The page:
The Cross of Christ, the Measure of the World

Parochial and Plane Sermons, Vol. 6

In this sermon Blessed John Henry Newman counsels us to take a deeper look at the world and the meaning of life, and to find in Christ the answer to its questions. He bids us to accept suffering in the footsteps of Christ as a condition for true happiness with God.

“A GREAT number of men live and die without reflecting at all upon the state of things in which they find themselves. They take things as they come, and follow their inclinations as far as they have the opportunity. They are guided mainly by pleasure and pain, not by reason, principle, or conscience; and they do not attempt to interpret this world, to determine what it means, or to reduce what they see and feel to system.”

When persons, instead, contemplate life they perceive it is a riddle they cannot solve, and they ask what is our destiny. Newman invites men considering political matters, science, poverty and all human affairs to look to the Cross of Christ as the measure of all things, i.e. the key to understanding these things.

“Thus in the Cross, and Him who hung upon it, all things meet; all things subserve it, all things need it. It is their centre and their interpretation. For He was lifted up upon it, that He might draw all men and all things unto Him.”

People, however, wish a religion that is bright and sunny. “The world, at first sight, appears made for pleasure, and the vision of Christ’s Cross is a solemn and sorrowful sight interfering with this appearance. Be it so; but why may it not be our duty to abstain from enjoyment notwithstanding, if it was a duty even in Eden?”

But this is a superficial view of the world. “The world is sweet to the lips, but bitter to the taste. It pleases at first, but not at last.” As the Scriptures tell us all is vanity of vanities. “Therefore the doctrine of the Cross of Christ does but anticipate for us our experience of the world. It is true, it bids us grieve for our sins in the midst of all that smiles and glitters around us; but if we will not heed it, we shall at length be forced to grieve for them from undergoing their fearful punishment.”

We are called by God to live by faith and to accept suffering with a cheerful countenance. Newman continues explaining that the doctrine of Christ’s atoning death is the heart of religion: “the heart is hidden from view; it is carefully and securely guarded; it is not like the eye set in the forehead, commanding all, and seen of all: and so in like manner the sacred doctrine of the Atoning Sacrifice is not one to be talked of, but to be lived upon; not to be put forth irreverently, but to be adored secretly…”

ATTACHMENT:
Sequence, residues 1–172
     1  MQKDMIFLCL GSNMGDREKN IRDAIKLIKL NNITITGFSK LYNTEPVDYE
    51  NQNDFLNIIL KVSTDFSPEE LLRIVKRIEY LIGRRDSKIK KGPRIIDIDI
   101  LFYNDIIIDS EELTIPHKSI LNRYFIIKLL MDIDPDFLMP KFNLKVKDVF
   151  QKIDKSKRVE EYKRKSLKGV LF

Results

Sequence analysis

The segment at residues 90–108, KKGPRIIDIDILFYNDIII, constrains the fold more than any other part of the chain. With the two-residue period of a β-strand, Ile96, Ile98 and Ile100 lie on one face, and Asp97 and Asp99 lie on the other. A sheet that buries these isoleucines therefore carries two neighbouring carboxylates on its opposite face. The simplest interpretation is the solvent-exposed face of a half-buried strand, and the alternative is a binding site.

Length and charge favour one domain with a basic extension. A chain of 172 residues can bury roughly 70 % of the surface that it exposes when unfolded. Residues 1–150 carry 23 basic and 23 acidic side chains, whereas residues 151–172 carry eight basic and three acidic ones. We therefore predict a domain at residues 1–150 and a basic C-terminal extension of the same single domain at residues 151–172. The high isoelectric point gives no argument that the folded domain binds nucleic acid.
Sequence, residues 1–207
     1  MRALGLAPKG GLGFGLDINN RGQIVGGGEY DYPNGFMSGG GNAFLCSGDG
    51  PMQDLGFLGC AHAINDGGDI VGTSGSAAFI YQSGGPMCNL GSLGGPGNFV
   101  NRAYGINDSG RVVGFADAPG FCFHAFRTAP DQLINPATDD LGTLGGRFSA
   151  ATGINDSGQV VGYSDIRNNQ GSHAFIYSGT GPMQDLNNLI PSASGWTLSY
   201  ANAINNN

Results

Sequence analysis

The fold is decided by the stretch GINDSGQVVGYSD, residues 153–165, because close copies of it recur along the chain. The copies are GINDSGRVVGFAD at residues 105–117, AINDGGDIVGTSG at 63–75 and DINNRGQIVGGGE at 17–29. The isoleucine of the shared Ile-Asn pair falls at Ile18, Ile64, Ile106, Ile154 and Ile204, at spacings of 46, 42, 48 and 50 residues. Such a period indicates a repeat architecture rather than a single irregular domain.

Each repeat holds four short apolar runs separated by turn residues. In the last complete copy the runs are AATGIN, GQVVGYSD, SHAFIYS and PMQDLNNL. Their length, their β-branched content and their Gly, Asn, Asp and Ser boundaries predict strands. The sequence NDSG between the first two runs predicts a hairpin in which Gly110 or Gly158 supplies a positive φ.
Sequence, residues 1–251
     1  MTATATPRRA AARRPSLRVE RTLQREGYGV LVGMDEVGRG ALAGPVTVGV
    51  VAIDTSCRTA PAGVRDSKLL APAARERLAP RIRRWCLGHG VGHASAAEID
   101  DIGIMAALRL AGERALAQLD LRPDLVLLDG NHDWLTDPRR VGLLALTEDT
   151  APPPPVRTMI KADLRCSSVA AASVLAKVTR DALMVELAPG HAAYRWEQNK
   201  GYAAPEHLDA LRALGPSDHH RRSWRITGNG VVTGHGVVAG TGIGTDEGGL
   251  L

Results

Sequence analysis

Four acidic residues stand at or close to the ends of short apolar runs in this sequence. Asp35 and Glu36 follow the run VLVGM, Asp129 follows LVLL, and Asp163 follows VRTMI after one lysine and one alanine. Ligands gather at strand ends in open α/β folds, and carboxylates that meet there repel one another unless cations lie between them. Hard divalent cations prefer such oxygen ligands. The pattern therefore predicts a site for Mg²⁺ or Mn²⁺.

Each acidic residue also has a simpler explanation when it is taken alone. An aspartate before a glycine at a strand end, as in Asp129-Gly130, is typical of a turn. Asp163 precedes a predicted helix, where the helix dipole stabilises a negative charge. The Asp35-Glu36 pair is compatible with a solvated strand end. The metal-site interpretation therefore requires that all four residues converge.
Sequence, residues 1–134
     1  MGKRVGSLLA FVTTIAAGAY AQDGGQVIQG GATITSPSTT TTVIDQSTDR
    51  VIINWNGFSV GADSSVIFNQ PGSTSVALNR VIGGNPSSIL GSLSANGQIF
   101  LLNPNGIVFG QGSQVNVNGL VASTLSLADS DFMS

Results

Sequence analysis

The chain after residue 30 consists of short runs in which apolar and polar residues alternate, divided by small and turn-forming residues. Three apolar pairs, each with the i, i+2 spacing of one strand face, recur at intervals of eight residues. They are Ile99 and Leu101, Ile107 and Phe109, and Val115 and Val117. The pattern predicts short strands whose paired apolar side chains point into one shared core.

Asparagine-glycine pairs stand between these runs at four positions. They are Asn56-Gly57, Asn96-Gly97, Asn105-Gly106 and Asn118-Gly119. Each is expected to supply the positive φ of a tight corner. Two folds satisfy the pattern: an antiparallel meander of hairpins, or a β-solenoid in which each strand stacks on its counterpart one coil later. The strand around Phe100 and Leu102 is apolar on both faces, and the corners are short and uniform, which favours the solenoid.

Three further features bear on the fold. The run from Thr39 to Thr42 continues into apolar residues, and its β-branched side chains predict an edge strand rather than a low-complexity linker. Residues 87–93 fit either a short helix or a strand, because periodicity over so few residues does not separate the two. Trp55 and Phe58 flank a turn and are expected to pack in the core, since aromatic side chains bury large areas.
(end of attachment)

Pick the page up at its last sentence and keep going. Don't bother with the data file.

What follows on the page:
Newman concludes by correcting the important error of thinking “the Gospel is a sad religion.”

“Let no one go away with the impression that the Gospel makes us take a gloomy view of the world and of life. It hinders us indeed from taking a superficial view, and finding a vain transitory joy in what we see; but it forbids our immediate enjoyment, only to grant enjoyment in truth and fulness afterwards. It only forbids us to begin with enjoyment. It only says, If you begin with pleasure, you will end with pain. It bids us begin with the Cross of Christ, and in that Cross we shall at first find sorrow, but in a while peace and comfort will rise out of that sorrow.”

Suffering brings us exercise the virtues and associates ourselves to Christ’s life. “That Cross will lead us to mourning, repentance, humiliation, prayer, fasting; we shall sorrow for our sins, we shall sorrow with Christ’s sufferings; but all this sorrow will only issue, nay, will be undergone in a happiness far greater than the enjoyment which the world gives,—though careless worldly minds indeed will not believe this, ridicule the notion of it, because they never have tasted it, and consider it a mere matter of words.”

Thus instead of taking what is bright and beautiful on the surface of the world, and often has no substance we see it as a shadow and hope of the substance that is to come. We must fight the temptation to live in materialistic ways finding instead in Jesus Cross and Resurrection, the measure of this world.








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